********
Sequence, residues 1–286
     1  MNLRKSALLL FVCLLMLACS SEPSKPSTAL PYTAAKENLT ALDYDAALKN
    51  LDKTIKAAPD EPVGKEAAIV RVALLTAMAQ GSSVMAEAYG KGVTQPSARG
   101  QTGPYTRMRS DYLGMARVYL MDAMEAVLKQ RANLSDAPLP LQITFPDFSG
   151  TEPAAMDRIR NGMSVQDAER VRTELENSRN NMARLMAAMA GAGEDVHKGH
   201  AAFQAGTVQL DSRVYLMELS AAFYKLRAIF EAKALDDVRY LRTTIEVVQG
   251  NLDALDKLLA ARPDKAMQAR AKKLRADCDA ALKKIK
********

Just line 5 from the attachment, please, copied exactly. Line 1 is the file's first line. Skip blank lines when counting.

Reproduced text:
   151  TEPAAMDRIR NGMSVQDAER VRTELENSRN NMARLMAAMA GAGEDVHKGH